Quick Takes – “Blackfish” Documentary

2013’s documentary “Blackfish” raises question about the well-being of captive orcas at SeaWorld and whether or not these animals should be released back into the wild.

 

SeaWorld’s Wide Public Reach Can Raise Marine Conservation Awareness 

Profit-driven motives may call SeaWorld’s moral integrity into question, but the park’s expertise in attracting the public makes it a better candidate than many non-profit organizations for raising awareness about oceanic species and conservation. SeaWorld’s environmental message is slipped to the public like vitamins are slipped to children via gummy bears: It is something healthy packaged in something fun. For proof of its efficacy, one needs look no further than attendance rates of American zoos. Topping the list are Disney’s Animal Kingdom (at a vast 9.5 million guests annually) and Busch Gardens Tampa (at 4.4 million), both of which contain not only animals, but also roller coasters.

Because SeaWorld offers guests more than just a tank of fish, it is able to reach a wider audience with its pro-conservation message and provide a connection to nature and animals that our society increasingly lacks. By exposing individuals to species — such as the orca — that are threatened by human behaviors, these zoo/amusement-park hybrids foster human concern for these animals and for the environment at large.

In terms of the mere exposure effect, SeaWorld dominates competitors that also offer opportunities to witness marine life. The most highly attended aquarium in the United States, the Shedd Aquarium in Chicago, Ill., has less than half of the attendance rate of SeaWorld San Diego — 2.17 million annual visitors to SeaWorld’s 4.4 million.

Rather than releasing the whales into an environment they are no longer equipped to survive in, SeaWorld can and should use its resources to ensure that these animal ambassadors are healthy and happy so that they can continue to inform and inspire the public.

—  Hailey Sanden, Contributing Writer

“Blackfish” Manipulates Facts to Incite Dramatic Viewer Response

The controversy surrounding the orca whales at SeaWorld has animal rights activists up in arms, but not necessarily with a justifiable cause. Although the popular documentary “Blackfish” tugs at its viewers’ heartstrings, it takes liberties with the facts, manipulating public sentiment in a drive for higher profits at the box office.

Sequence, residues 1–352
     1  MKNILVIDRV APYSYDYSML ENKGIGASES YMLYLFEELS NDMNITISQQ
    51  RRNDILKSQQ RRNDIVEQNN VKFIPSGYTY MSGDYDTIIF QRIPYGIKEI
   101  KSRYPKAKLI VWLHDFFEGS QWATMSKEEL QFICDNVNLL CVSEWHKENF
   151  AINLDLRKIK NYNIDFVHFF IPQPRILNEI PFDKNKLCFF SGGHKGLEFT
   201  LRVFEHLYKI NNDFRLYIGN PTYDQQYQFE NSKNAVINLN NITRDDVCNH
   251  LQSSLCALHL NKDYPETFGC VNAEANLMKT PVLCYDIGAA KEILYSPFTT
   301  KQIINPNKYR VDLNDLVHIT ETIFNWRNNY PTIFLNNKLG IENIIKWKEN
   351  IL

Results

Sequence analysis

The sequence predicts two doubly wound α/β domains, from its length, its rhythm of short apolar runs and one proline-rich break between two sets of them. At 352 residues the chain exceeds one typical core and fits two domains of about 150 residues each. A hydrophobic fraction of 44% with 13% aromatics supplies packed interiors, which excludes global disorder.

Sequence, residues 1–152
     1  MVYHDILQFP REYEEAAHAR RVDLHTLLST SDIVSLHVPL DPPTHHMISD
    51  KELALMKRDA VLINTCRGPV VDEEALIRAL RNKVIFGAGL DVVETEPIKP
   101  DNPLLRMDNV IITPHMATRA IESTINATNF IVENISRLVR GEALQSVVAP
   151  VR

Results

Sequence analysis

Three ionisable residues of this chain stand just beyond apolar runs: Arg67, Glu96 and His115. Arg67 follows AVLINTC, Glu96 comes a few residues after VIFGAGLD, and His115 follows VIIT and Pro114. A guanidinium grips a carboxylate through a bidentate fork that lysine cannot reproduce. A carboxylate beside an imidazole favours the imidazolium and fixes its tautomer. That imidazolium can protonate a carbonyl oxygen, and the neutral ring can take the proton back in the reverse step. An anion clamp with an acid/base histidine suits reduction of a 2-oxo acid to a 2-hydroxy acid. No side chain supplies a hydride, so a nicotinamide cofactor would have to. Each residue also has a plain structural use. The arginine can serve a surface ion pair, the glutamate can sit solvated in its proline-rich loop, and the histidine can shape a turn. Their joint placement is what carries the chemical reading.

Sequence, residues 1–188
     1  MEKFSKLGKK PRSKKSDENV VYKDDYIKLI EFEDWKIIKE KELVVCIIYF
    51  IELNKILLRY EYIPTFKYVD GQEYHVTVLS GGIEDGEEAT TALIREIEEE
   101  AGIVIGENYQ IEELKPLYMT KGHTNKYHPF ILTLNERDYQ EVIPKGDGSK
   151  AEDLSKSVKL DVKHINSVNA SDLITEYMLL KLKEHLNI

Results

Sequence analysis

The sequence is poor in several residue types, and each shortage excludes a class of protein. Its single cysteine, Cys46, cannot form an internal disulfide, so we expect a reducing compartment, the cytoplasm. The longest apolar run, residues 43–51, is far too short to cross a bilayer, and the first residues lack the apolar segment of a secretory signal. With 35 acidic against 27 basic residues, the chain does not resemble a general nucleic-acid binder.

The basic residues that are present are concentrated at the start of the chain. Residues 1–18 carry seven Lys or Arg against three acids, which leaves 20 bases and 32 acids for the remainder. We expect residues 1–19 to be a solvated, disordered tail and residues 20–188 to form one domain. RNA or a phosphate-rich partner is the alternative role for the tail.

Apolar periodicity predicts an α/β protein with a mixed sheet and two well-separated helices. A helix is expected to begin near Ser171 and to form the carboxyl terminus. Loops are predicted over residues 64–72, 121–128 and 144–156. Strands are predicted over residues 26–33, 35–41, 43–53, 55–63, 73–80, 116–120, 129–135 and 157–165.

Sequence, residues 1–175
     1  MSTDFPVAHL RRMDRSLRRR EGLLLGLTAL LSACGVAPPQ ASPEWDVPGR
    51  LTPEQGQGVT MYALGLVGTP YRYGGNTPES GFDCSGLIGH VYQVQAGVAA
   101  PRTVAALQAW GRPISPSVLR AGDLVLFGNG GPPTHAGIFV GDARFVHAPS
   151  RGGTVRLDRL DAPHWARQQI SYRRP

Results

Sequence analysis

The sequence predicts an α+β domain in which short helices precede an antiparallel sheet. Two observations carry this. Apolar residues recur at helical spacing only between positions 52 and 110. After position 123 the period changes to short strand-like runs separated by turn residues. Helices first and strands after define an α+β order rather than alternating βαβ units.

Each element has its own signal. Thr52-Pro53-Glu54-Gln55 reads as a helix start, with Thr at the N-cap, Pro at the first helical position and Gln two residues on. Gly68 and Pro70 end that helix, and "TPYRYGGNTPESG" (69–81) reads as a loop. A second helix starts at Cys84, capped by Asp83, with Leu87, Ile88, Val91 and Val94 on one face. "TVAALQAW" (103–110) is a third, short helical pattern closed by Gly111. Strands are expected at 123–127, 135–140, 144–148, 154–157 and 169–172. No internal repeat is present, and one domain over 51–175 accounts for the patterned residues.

After SeaWorld endured months of criticism and declining park attendance in the wake of the purported “revenge-thriller” documentary, the park system issued an expose of its own, pointing out over nearly 70 inaccuracies and deliberately misleading sequences in “Blackfish.”

Rather notable were several instances of footage that had been doctored and clipped to portray tense scenes with the whales that never, in fact, occurred, as well as several pseudo-scientific testimonies by former SeaWorld employees who did not actually have any experience working with the orcas. The filmmakers went to great lengths to sway public outrage against the park and get themselves shared on Facebook. But although its drama may make it a film festival success, a closer analysis reveals that the film is laced with fictions.

Most telling, however, is that California Assemblyman Richard Bloom (D-Malibu), who initially authored a bill to prevent SeaWorld’s orca displays, later decided to revise the legislation, noting that the prevalent opinions on the matter had been “fueled by fear and misinformation.”

While “Blackfish” continues to win support for its dramatic cinematography and supposedly insightful premise, it blatantly misrepresents the truth. Viewers should be aware that the film is less of an objective documentary and more an exercise in manipulative rhetoric.

—  Kelvin Noronha, Opinion Editor

Amusement Park Cannot Properly Accommodate Wild Animals’ Needs

Last year’s documentary “Blackfish” sparked such passions that some classify it as a psychological thriller. It contends with the issue of captive orcas trained for shows and their resulting psychosis, which has caused four human deaths. Though SeaWorld criticizes the film for its heavy reliance on pathos, many incriminating facts remain, and there’s no need to pretend these animals are human to empathize with their suffering.

The fact still stands that captive orcas live significantly shorter lives than wild orcas do. Many animals live longer in captivity, but orcas, like many large, intelligent mammals, fare better in the wild. According to the “Encyclopedia of Marine Mammals,” while Pacific Northwest orcas live more than 40 years on average, most captive whales die in their 20s.

Even with current technology, parks cannot provide stimulation comparable to that in the wild or meet all of the whales’ needs in such an enclosed space. Marine biologists Dr. Naomi Rose and Dr. Chris Parsons point out that mortality rates in captivity remain more than double of those in the wild and have not improved since the 1990s. For two decades, experts have learned little about how to effectively lower these captive mortality rates.

With our vast ignorance of these creatures, captivity halves their lives. Knowing the facts, we can choose whether to let it continue. We justify captivity with a supposed educational value, yet a false veneer of friendly, carefree whales will teach very little. Facing the reality of physical, mental and emotional deterioration in orcas might help us learn to appreciate these animals as thinking, feeling minds in their own right.

— Thomas Finn, Staff Writer